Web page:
There’s a reason quality alcohols come in cans, brown bottles and have very little to no air in the packaging. Light and oxygen.
Light and oxygen degrade the freshness of our products. 2020 should be the year of no more clear glass bottles for cannabis. We should be packaging our cannabis in brown glass, or even better, completely opaque. This is because light degrades all the chemical compounds in the plant, so the darker the glass, the closer the flavor and experience will be, according to the growers finished cure.
As far as oxygen, I haven’t seen a great way to reduce the amount of air inside a package of flower without crushing the flowers. In this regard, concentrates are much easier to control, and there is room for innovation for flower. Filling a container completely with concentrate that is not liquid will usually result in a dried top layer that seals in the rest of the concentrate and keeps it separate from any air in the jar, however little there is. This will not work with liquid as any air will mix into the liquid over time, causing oxidization.
Traditional hash in the form of a temple ball handles all of this perfectly, and it doesn’t need to be in a jar at all. A nice ball of hash is self preserving, the oils on the outside of the ball form a protective layer for the rest of the ball so you can keep it for months and even years while retaining the terpenes and cannabinoids in a much more stable state. Of course, this is dependent on a little care for the ball. It needs to be kept dark, cool and dry.
There is a need for preservation of the compounds we love. Coupled with the competition that will enter the market when global import and export becomes real, it leads me to believe that the smart concentrate makers are going to focus more and more on dry sieving and ice water techniques to produce their concentrates. Not only does it solve many packaging problems that we have, it’s an overall better product for shelf life than anything modern cannabis tech has come up with to date. Also, the processing techniques require far less machinery and intense scientific knowledge to operate. This means the investment in hash making goes towards artisan makers and people rather than industrial processes.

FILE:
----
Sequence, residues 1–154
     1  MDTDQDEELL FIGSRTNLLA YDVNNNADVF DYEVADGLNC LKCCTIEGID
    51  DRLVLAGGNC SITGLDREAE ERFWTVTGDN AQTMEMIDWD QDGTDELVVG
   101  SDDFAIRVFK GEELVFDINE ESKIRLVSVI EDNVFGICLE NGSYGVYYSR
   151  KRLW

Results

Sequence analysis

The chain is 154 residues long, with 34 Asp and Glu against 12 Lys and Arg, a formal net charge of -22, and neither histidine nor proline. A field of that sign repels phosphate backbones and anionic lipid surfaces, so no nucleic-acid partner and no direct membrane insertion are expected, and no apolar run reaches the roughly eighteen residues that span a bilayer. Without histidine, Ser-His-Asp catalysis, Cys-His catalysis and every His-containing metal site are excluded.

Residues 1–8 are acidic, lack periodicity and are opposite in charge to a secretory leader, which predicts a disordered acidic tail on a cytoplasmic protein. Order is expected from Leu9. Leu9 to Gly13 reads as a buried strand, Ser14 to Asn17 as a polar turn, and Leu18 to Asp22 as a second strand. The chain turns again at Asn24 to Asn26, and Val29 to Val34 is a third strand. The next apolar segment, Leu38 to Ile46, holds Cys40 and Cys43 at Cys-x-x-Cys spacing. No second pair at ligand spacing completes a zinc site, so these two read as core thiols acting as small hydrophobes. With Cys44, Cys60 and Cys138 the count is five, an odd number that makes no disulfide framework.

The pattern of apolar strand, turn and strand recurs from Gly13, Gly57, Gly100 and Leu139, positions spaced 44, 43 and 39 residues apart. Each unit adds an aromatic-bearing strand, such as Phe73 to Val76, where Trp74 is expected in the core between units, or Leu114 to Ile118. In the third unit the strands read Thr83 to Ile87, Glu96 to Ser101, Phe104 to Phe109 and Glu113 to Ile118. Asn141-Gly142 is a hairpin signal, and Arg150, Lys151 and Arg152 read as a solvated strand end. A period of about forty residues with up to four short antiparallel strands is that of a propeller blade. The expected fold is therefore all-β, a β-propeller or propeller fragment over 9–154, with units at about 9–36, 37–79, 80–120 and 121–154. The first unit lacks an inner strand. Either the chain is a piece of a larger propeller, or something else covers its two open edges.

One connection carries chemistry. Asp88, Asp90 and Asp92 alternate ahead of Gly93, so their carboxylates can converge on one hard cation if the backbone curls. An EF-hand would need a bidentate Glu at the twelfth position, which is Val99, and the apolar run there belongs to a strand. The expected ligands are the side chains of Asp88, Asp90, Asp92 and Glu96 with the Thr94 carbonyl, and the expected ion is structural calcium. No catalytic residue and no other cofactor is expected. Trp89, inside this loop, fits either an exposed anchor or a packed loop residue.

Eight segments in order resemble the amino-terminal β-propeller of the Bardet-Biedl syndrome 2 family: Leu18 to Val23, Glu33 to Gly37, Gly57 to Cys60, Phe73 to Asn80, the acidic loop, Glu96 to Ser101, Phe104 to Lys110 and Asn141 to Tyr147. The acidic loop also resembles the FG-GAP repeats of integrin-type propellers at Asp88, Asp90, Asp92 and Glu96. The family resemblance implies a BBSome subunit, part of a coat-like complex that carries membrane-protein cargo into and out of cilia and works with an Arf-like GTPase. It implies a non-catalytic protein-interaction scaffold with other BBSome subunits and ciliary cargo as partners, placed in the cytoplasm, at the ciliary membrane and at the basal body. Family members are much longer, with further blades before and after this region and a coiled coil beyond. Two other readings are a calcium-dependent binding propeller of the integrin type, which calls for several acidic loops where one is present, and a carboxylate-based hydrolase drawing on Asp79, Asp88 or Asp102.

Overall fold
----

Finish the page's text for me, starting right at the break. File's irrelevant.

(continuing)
The real challenge here as usual is the storytelling and branding and education on the consumer side that lets people know why traditional hash is better on a shelf than almost any other product. As per usual, most people in America just don’t know. It’s not our fault, people spend lot’s of money teaching us the wrong things. We don’t even have a really good grasp of our place in the timeline of cannabis. Nor do we have any understanding of the global cannabis trade especially as it relates to history and where we are in time.
There is so much to teach, and so much misinformation, so many fads… It seems like everyday there’s a new way to consume or misrepresent cannabis that degrades the nature of the plant and the medicine it provides.
A simple solution to start moving in the right direction is to change the color of the jar you use to package your weed and tell your customer why. This will spark a cultural interest that will make change much like the craft beer and wine movements impacted the alcohol industry.
As always, thanks for reading, and I hope you get inspired to get out there and Stir the Pot.
January 3, 2020